We’ve been regularly bombarded with images of the Earth from above, thanks to Commander Chris Hadfield on the International Space Station, and the dozens of Earth-observing satellites circling our planet, but it’s not too often we see an image of the moon from space.
The ISS hovers 250 miles above Earth, so it also has a spectacular view of our closest celestial neighbour.
Luckily ISS commander Maxim Suraev just published this fabulous shot to the Roscosmos Instagram feed. He caught the moon on a cloudy day, so you can see the peaks from the fluffy clouds below. You can see the out-stretched shadows cast by, what appears to be, a couple of cumulonimbus clouds, with the lonely moon floating in the background.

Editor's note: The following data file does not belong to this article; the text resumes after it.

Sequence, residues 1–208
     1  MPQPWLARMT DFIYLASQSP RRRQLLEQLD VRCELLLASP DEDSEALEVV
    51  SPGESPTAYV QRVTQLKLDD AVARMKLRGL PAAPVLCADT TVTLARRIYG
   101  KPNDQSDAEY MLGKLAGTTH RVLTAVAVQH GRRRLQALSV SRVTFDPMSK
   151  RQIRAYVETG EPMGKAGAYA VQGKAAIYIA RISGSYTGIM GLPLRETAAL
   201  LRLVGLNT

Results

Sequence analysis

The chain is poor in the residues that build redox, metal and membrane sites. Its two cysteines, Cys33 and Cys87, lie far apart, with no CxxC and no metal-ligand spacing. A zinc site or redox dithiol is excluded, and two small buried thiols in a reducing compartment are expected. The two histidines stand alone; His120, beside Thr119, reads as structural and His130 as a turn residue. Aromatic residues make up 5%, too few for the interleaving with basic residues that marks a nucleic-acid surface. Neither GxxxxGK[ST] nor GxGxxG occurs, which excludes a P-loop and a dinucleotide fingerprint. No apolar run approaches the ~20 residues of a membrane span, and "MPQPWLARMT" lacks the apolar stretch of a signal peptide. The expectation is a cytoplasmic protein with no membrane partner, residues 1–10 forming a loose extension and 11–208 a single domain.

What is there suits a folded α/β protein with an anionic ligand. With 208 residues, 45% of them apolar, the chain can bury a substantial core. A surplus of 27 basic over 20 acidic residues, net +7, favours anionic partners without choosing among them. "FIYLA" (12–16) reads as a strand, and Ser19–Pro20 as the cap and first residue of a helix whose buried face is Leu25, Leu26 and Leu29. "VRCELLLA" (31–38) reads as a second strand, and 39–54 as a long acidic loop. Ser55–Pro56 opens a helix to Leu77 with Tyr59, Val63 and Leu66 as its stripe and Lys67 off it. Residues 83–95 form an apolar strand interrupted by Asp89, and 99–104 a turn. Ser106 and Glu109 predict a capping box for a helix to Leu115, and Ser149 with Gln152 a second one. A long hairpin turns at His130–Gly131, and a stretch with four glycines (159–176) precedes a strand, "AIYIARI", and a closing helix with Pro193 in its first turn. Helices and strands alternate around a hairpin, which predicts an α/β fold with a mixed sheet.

A photo posted by Роскосмос/Roscosmos (@roscosmosofficial) on Oct 10, 2014 at 9:34am PDT
Suraev isn’t the first person to take an image of the moon from the ISS: Here’s another stunning one taken by astronaut Ron Garan aboard the space station in 2011. A sunset lines Earth’s edge as a thin crescent of the moon appears in the night sky. Because they orbit the Earth every 90 minutes, the crew aboard the ISS experience this dual sunset/moonrise view 16 times a day.
This last image depicts a distant Moon, with just a small portion reflecting the sunlight. To observers on Earth, this would appear to be a crescent Moon. The ominous bright-blue band closing in on the Moon is Earth’s atmosphere. This image was also taken aboard the ISS by an astronaut from Expedition 26.
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